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World Wildlife Day

Today the world will celebrate the first ever World Wildlife Day. The 3rd of March was chosen by the United Nations General Assembly because it is the anniversary of the adoption of the Convention on International Trade in Endangered Species of Wild Fauna and Flora (CITES), which is an international treaty that aims to ensure global trade does not threaten the survival of listed species. r milestone midlands dwarf chameleon In the KZN Midlands, we have a wide range of special fauna and flora to celebrate and care for.  These include many species listed on the IUCN Red Data List as Threatened, Endangered and Critical.  There is the Cream Spotted Mountain Snake, the Midlands Dwarf Chameleon and the Long Toed Tree Frog.  This bright green frog avoids trees and lives in grasslands and marshy areas.  It earned its name from its abnormally long fingers and toes with reduced webbing.

r long toed tree frog

The Karkloof Blue butterfly is one of the more famous 50 invertebrates in danger.  This tiny butterfly is endemic to the region and particularly rare as its grassland habitat has largely been destroyed. Dr Adrian Armstrong of Ezemvelo KZN Wildlife:  “Many lycaenid butterflies such as the Karkloof Blue (Orachrysops ariadne) have mutualistic relationships with ants and each butterfly may only lay its eggs on one particular species of plant, the larval food plant (in this case Indigofera woodii). The absence of the ant or the food plant means the absence of the breeding butterfly.  These sites may be distant from one another, linked only by dispersal of adults who move between colonies to ensure their continued survival. Obviously, small colonies are prone to extinction though habitat change caused by drought, fires at the wrong time of year, or prevention of fire in vegetation that requires fire for regeneration.”


Fourteen bird species are in danger, including, in the Vulnerable category:  the African Grass Owl, African Finfoot and Crowned and Blue Cranes and Southern Ground Hornbill.  The Cape Parrot and Spotted Ground Thrush are Endangered , Yellow-breasted Pipit, Blue Swallow and Wattled Crane are Critically Endangered.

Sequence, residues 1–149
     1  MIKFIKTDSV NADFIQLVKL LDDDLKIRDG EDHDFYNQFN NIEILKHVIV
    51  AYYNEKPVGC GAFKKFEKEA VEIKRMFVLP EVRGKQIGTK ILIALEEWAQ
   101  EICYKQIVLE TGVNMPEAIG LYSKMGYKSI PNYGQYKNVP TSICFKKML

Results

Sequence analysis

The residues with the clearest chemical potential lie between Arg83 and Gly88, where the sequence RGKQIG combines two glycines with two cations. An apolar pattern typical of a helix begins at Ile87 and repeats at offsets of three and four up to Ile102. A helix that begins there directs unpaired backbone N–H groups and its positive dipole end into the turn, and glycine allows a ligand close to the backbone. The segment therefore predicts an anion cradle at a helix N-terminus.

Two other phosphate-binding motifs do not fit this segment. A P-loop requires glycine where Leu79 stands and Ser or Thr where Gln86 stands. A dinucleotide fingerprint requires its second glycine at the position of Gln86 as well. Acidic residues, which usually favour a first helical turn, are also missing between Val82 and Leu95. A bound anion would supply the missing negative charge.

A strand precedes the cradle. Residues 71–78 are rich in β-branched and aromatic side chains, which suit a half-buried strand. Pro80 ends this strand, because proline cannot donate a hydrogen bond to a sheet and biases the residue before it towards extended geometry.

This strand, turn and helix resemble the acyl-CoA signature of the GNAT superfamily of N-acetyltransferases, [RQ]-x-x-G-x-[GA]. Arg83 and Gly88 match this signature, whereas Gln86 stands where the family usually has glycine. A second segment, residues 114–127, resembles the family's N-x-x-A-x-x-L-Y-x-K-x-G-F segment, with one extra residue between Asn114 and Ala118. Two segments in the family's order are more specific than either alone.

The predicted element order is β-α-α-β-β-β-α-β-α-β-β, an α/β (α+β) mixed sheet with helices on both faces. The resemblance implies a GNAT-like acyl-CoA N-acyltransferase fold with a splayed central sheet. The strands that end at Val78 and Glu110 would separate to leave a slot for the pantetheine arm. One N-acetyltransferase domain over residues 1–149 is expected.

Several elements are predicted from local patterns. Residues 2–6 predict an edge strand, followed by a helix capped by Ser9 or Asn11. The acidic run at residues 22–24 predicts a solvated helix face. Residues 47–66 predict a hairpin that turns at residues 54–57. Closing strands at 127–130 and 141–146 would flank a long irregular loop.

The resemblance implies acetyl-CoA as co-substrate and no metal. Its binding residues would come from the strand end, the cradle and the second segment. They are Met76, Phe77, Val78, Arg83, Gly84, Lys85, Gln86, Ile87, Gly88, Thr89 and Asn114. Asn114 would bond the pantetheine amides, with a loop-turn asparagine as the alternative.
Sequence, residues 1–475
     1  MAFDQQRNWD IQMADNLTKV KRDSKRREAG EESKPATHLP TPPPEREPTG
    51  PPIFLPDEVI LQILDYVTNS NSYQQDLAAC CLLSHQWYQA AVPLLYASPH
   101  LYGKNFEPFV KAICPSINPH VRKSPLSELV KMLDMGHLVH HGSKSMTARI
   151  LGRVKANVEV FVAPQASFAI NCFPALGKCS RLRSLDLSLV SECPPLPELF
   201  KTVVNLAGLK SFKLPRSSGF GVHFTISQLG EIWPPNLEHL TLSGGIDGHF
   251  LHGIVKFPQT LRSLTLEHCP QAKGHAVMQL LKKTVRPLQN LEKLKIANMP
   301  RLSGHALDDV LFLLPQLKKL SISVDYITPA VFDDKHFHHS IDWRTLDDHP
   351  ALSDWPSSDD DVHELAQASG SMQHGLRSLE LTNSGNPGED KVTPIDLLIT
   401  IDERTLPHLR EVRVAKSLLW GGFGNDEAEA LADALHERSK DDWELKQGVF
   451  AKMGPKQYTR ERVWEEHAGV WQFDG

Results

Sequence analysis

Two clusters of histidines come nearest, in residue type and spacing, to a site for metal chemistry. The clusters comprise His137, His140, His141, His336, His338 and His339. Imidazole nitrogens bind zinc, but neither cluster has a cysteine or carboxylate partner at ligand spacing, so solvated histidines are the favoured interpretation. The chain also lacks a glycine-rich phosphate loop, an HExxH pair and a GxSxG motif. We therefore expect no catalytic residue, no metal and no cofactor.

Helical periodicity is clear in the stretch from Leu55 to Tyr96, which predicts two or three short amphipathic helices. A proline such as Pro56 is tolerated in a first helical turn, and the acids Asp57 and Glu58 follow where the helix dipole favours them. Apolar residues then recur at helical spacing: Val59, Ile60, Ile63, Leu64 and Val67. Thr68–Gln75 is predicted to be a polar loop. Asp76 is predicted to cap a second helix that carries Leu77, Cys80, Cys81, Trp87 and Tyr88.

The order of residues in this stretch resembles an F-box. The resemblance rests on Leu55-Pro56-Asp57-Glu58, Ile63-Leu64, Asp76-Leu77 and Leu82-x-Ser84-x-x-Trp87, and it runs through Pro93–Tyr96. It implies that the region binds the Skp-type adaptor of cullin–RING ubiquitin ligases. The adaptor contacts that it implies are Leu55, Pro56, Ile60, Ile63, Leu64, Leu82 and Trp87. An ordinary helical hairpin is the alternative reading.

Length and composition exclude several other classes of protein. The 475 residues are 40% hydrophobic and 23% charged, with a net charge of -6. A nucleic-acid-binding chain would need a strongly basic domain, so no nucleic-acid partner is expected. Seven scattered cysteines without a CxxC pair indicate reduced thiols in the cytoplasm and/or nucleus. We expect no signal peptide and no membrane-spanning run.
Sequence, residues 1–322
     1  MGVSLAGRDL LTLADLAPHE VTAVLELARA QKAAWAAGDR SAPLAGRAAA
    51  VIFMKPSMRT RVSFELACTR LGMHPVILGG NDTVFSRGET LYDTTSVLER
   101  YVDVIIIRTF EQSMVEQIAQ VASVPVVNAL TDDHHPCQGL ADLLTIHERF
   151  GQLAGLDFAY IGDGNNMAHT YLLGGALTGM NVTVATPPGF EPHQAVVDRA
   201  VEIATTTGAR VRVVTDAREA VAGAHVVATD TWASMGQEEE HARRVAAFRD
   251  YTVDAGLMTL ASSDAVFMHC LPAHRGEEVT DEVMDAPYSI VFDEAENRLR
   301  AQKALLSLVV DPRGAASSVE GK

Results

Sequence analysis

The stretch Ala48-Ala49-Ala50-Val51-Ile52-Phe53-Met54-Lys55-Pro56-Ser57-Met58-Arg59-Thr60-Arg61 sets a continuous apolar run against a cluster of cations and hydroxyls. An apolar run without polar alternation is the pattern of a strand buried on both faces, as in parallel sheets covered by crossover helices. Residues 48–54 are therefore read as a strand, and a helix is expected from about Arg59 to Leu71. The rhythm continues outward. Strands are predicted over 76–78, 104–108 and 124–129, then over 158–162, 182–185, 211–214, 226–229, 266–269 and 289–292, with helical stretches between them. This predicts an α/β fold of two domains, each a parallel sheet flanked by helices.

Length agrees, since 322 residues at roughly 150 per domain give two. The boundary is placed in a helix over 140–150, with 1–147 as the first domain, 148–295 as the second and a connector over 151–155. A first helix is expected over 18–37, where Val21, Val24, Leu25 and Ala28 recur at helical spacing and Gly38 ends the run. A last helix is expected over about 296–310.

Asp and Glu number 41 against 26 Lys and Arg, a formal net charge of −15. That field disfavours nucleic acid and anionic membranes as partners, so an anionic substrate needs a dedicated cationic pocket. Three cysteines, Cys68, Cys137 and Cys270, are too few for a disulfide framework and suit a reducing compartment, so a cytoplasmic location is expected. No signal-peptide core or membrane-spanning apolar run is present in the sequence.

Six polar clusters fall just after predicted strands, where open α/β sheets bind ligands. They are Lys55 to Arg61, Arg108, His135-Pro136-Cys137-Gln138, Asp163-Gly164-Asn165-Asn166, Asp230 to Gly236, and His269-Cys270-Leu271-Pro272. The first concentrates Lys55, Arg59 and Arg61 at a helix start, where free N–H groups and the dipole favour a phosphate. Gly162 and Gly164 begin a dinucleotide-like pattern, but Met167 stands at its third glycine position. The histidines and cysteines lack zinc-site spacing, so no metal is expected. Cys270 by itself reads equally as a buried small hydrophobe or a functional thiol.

r wattled crane by Karen Edwards1

Six Red Data List mammals are found in the Midlands – including the Oribi, Serval, Striped Weasel, Samango Monkey.  The Samango is endemic to the evergreen Afro-Montane forests of Southern Africa – moist forests. These forests cover less than 1% of this sub-region and are severely fragmented.  They live in troops of up to 30 members and are active during the day, resting in the tree tops at night.  They feed on a wide range of wild fruits, flowers and leaves as well as caterpillars and other insects.

samango monkey crop res.

Many plant species, including – Senecio dregeanus (below) – which has been found in Impendle and on Beacon Hill; Asclepias woodii which occurs on Beacon Hill; Alipidea amatymbica and Anemone fanniniae found at Mbona and in Impendle.

acrea butterfly.res

Only a small proportion of this diversity, however, and only 53% of priority species,  receive protection within the existing protected area network.

Judy Bell, Chair of the Midlands Conservancies Forum:  “Conservation of these species and their habitats is vital to ensure the ecosystems in which they live can continue to provide us with essential goods and services.   Human wellbeing depends on healthy ecosystems which provide many things we take for granted – clean water, fresh air, pollination, carbon storage, flood attenuation, modulation of extreme temperatures, and so much more.   The KZN Midlands is situated within a National Freshwater Ecosystem Priority Area. It is rich in wetlands, springs, streams and the grasslands, forests and other ecosystems which form the fabric of our life-support systems or biodiversity that underpin the economy of the province.” r rocky stream impendle 175 Currently, at  least 80% of the important biodiversity lies outside formally protected areas,  on privately or communally owned land, making strategic partnerships with landowners  crucial if our natural heritage is to be conserved. The Biodiversity Stewardship Programme is a good tool for improving the conservation management of sites of biodiversity significance while  maintaining the productivity of the landscape for landowners. Proactive  partnerships and cooperative management are the key ingredients of natural  resource management and custodianship. A further aim of the programme is the creation of a  network of protected areas, linked as corridors across the landscape, in order to  improve the ability of species to adapt to climate change.  Stewardship processes identify land of  critical importance for biodiversity conservation and/or the provision of  ecosystem services, and encourage landowners to engage in  biodiversity conservation and other sustainable land use practices. r biodiversity survey